Famous horror writer Stephen King has announced he is quitting Facebook, because he is “not comfortable with the flood of false information that’s allowed in its political advertising.”
I'm quitting Facebook. Not comfortable with the flood of false information that's allowed in its political advertising, nor am I confident in its ability to protect its users' privacy. Follow me (and Molly, aka The Thing of Evil) on Twitter, if you like.
— Stephen King (@StephenKing) February 1, 2020
Unlike many others who, in an extremely heated climate in the US, also attack Facebook for basically taking political sides by allowing political ads on its platform – King has at least had the decency to mention that he also has doubts about the giant’s “ability to protect its users’ privacy.”
However, this latter concern is phrased in a way that makes it unclear if King is unhappy with the way Facebook makes, and has always been making its money – by selling users’ data to third parties for advertising purposes (political or otherwise) – or if he thinks Facebook is somehow willing but powerless to protect its users.
But King is not quitting social networks altogether. And he hasn’t gone to an ethical one, that guarantees user privacy, free speech, and runs on free and open-source code.
Instead, King’s chosen Twitter – it will be his new primary social media home, and he made the announcement about leaving Facebook there.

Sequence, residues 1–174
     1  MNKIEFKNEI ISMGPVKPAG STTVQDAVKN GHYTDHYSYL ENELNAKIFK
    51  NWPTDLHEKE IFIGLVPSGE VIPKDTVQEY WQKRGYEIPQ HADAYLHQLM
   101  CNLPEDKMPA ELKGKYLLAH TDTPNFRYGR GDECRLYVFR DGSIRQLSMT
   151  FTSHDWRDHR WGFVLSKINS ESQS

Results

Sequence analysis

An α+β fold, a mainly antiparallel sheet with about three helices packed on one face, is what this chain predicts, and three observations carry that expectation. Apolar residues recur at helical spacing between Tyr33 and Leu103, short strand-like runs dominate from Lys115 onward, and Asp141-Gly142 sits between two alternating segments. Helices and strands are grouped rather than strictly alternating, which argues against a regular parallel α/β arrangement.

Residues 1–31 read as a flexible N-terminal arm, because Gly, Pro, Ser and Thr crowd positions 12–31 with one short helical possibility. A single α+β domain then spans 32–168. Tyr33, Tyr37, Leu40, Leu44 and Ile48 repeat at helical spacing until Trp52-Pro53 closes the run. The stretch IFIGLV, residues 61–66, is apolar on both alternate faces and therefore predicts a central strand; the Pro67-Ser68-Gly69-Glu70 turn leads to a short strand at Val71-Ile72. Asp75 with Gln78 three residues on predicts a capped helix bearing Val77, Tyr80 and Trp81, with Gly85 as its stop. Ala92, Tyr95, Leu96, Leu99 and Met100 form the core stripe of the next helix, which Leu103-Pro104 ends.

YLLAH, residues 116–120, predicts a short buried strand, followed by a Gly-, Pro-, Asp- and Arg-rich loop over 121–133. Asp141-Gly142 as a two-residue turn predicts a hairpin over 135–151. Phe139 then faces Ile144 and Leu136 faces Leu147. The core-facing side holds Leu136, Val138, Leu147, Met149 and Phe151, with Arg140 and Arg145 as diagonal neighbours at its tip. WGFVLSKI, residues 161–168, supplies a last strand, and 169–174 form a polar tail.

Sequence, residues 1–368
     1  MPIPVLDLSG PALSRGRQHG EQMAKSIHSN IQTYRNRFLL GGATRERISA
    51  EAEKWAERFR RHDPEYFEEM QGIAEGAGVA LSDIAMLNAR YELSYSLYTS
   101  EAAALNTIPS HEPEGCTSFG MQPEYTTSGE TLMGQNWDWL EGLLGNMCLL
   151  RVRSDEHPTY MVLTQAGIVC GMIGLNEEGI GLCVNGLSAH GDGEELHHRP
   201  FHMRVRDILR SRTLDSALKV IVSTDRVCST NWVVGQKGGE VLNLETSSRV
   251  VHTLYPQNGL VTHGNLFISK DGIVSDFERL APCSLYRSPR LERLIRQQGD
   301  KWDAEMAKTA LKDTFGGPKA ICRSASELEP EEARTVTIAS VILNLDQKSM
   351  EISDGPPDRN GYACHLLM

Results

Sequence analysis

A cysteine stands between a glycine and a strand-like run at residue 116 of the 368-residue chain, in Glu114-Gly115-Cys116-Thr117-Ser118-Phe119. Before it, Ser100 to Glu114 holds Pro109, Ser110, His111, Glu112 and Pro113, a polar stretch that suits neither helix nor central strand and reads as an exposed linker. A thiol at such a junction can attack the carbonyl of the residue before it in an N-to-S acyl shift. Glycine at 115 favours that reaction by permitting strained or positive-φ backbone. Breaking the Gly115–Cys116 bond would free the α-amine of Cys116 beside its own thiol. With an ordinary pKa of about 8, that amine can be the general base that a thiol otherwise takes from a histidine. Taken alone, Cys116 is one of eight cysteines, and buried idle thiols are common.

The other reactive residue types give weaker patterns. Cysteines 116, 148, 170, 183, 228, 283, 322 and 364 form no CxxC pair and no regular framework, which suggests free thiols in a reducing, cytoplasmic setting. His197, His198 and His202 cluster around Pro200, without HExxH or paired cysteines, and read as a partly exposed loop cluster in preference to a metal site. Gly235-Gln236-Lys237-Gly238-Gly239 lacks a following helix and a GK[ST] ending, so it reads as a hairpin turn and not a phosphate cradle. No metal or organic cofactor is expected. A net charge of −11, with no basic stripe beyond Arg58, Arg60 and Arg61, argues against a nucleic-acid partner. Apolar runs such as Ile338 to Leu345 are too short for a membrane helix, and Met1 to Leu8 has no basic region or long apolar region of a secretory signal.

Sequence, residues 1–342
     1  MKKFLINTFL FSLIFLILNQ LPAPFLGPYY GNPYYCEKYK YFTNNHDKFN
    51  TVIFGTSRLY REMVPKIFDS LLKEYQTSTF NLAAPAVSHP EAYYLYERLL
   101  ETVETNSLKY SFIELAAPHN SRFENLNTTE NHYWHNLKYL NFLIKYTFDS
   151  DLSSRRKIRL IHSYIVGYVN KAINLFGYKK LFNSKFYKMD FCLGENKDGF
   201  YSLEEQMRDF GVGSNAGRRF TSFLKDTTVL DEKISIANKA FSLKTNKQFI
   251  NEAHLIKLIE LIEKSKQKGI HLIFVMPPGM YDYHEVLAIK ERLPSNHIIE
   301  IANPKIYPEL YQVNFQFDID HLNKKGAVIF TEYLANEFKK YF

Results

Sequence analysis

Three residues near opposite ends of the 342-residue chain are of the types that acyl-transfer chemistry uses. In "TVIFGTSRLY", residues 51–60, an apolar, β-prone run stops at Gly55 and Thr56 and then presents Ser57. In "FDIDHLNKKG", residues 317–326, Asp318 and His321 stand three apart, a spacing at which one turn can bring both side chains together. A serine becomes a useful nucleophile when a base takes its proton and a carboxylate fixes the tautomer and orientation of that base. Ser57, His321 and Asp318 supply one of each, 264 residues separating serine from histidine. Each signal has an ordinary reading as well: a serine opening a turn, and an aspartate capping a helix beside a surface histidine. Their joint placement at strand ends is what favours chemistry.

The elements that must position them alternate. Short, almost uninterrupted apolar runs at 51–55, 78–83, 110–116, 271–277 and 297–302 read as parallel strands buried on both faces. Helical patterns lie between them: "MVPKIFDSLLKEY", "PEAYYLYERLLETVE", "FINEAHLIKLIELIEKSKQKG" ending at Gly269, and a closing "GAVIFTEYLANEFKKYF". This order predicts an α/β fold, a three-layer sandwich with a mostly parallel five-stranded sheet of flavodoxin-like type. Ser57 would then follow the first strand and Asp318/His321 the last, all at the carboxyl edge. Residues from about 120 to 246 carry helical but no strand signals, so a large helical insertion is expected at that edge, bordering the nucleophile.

Because Twitter’s not a hot-bed of “misinformation”, is it?
Obviously, we can’t expect much tech-savviness or even awareness from our favorite horror writers, but we certainly can expect a lot of political and social commentary, and we get it from King, too.
With this in mind, it’s good to know that it was political advertising and false information that drove him off Facebook.
Earlier in the week, King got himself in trouble online for saying that he cares about quality rather than diversity when choosing which work of art to recognize with an award. He spoke in the context of this year’s Oscar nominations – a process that he participated in.
The nominations have been criticized as “too white” – but in a tweet, the writer said it would be “wrong” to put diversity ahead of quality.
Might sounds pretty logical to many – but not to all.
Some of the comments King received described him as “backward and ignorant.”
His grandstanding now on political ads on Facebook is already providing the best-selling author with much more positive reactions on Twitter.